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What the Novus Ordo Is -- and Isn't

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					What the Novus Ordo Is -- and Isn't

In October of 2006, along with a member of our choir, I represented the
Carmelite Monastery of Philadelphia at a meeting to discuss the US
bishops’ new document on liturgical music, Sing to the Lord. In the
afternoon’s open-mike session, I rose to quote something from Musicam
Sacram. A gentleman who has published many pop-style hymns interjected,
“Everyone knows that that document refers to the old Mass, not the new
Mass.”

He was wrong in two areas. First, the document, written in   1967, did
pertain to the “new Mass”. It explained the application of   music to the
revised liturgy, since the new ordering (or Novus Ordo) of   the Mass did
not have the separate distinctions of “high Mass” and “low   Mass” as in
the “old Mass” (now called “extraordinary form”).

But most importantly, there is no such thing as the “new Mass”. The very
term brings up memories of the commercial disaster following the
introduction of “New Coke”. The Coca-Cola people quickly restored “Coke
Classic” after that fiasco.

No, the Mass is not a new Mass. If so, it would be called the “Missa
nova”. This distinction is critical to understanding the application of
liturgical music. If this Mass were indeed something brand new, then none
of the earlier pronouncements on the use of sacred music would apply.
Indeed, this is what many people — including many who write and publish
music today — believe: that anything goes!

Before Pope Benedict made the extraordinary form more accessible through
the document Summorum Pontificum, people who visited our monastery for
the first time would often ask us “How did you get permission to do the
old Mass?” We would explain that it was the Mass, the “new ordering”.

Why did people question that? Because, they would tell us, at the
monastery Mass one found chant, Latin, incense, bells, pipe organ and
choir. They did not find this in their parishes. When we would tell them
that they should find this in their parishes, that we simply followed the
instructions in the current Roman Missal, they were quite surprised.

No, it is the same Mass, trimmed down and slightly re-ordered. All the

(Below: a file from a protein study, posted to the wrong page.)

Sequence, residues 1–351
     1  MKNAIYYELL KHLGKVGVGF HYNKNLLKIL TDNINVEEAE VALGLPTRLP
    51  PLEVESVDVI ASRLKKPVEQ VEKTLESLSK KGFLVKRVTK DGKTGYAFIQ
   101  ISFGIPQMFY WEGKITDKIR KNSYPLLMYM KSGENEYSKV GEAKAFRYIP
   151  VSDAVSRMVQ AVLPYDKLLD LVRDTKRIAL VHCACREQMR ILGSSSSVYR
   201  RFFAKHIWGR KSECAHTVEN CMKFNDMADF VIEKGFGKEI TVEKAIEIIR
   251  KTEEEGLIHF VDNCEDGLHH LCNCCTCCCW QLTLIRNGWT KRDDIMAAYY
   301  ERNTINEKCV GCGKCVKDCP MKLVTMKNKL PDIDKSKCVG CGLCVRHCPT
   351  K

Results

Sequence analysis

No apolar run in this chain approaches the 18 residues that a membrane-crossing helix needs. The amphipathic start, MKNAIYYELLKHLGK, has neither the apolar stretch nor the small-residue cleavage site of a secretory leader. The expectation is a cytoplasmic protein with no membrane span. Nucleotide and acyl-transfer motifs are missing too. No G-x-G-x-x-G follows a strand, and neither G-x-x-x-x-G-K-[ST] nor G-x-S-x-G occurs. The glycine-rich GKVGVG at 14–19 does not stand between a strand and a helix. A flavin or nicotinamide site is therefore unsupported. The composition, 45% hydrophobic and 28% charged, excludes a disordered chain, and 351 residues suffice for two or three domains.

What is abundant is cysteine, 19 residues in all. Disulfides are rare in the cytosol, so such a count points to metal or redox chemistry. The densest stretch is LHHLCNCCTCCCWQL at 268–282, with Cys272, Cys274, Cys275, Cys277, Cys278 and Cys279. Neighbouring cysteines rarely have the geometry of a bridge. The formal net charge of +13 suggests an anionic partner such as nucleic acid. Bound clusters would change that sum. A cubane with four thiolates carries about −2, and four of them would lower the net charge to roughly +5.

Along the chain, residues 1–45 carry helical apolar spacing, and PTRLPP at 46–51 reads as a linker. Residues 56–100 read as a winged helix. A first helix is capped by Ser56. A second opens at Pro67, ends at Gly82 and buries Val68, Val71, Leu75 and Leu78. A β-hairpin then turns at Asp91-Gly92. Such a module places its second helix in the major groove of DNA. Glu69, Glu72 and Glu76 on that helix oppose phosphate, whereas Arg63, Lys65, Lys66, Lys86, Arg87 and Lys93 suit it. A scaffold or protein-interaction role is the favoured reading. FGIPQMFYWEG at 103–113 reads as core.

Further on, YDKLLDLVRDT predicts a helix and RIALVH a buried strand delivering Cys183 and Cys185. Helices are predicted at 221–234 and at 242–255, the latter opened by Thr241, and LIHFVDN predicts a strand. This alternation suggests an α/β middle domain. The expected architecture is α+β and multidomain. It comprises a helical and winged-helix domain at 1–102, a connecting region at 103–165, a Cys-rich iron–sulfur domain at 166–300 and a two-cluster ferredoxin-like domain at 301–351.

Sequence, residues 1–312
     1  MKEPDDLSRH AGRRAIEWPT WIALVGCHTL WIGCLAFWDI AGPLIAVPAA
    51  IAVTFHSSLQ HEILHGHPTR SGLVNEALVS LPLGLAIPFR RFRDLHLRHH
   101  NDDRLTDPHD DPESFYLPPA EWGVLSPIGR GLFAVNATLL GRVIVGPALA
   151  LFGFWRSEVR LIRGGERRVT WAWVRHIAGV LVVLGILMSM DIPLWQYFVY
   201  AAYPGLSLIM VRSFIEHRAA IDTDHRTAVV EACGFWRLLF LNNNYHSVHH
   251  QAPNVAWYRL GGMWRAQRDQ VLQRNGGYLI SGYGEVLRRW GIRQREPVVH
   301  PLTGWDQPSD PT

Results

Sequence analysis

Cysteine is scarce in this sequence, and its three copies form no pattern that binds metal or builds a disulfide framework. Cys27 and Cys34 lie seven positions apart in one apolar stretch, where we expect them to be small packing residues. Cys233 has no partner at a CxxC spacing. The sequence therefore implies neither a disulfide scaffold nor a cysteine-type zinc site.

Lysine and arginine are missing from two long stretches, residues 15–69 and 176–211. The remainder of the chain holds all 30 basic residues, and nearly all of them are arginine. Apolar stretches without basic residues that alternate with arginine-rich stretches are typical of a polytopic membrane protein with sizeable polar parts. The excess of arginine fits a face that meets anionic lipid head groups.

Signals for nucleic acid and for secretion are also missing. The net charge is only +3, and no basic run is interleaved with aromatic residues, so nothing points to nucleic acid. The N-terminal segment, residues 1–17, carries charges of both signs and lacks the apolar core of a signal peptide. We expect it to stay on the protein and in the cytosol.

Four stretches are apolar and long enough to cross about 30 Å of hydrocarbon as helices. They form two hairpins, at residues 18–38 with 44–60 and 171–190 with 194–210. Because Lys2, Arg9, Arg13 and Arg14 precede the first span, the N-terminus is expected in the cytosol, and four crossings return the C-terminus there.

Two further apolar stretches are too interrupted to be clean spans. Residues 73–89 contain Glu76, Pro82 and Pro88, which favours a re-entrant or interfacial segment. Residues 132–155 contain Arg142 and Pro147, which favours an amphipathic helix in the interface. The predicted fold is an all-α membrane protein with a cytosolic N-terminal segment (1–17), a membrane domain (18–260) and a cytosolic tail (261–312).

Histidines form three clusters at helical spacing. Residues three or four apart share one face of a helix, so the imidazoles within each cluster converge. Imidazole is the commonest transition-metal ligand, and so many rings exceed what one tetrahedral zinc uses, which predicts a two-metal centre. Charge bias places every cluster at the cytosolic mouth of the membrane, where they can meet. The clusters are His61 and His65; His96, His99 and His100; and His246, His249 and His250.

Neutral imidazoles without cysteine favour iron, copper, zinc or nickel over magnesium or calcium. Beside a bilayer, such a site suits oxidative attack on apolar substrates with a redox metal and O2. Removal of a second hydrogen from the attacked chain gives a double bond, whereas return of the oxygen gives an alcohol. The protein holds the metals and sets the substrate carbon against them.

principles that preceded it still apply, as do the regulations, unless
specifically retracted.

In the extraordinary form, when the Mass was a Missa cantata or sung
“High Mass”, Latin was always used (except hymns before the Mass began
and after it ended); and everything was chanted or sung: Introit, Kyrie,
Gloria, Gradual, Alleluia and verse, Credo, Offertory verse, any hymns or
motets at Offertory, Sanctus, Agnus Dei, Communion verse, any Communion
hymns or motets. This changed in the ordinary form, or Novus Ordo.

Musicam Sacram, the 1967 Instruction on music from the Holy See,
explained that there was one classification of Mass, not “high” or “low”,
and that music should be added incrementally, in three stages or degrees.
It instructed, “These degrees are so arranged that the first may be used
even by itself, but the second and third, wholly or partially, may never
be used without the first.” (MS, 1967, 28.2)

That is, first in order of importance were the chants of the priest and
people, the acclamation at the Gospel, the prayer over the offerings,
preface and Sanctus, final doxology of the Canon (Eucharistic Prayer),
Pater Noster, prayer after Communion and formulas of dismissal. (How much
of this is sung at your parish Sunday Mass? Without it, nothing else
should be sung.)

If this “first degree” was sung, then these chants may be added: Kyrie,
Gloria, Agnus Dei, Credo, Prayer of the Faithful.

Now, if all of that was sung, then the final group (third degree) could
be added: songs at entrance and Communion processions, songs after the
Lesson (i.e., the Responsorial Psalm), Alleluia before the Gospel, song
at the Offertory, readings of sacred Scripture. Songs or hymns could be
substituted for the entrance, Offertory and Communion prayers of the day
“… as long as songs of this sort are in keeping with the parts of the
Mass, with the feast, or with the liturgical season.” (MS 32). Further,
the text of any such pieces was to come only from scriptural or
traditional sources.

Over the past five years, the monastery choir has had the opportunity to
sing for one Mass and four Solemn High Masses (extraordinary form). It
was an opportunity for the choir to understand the structure of the
current Order of Mass (ordinary form) as it derived from the older Mass.

And what was the new ordering? Some prayers are omitted, such as the
prayers at the foot of the altar, many prayers the priest prayed
silently, and the reading of the Last Gospel. The structure is somewhat
simplified. At High Mass, the Asperges — or sprinkling — preceded the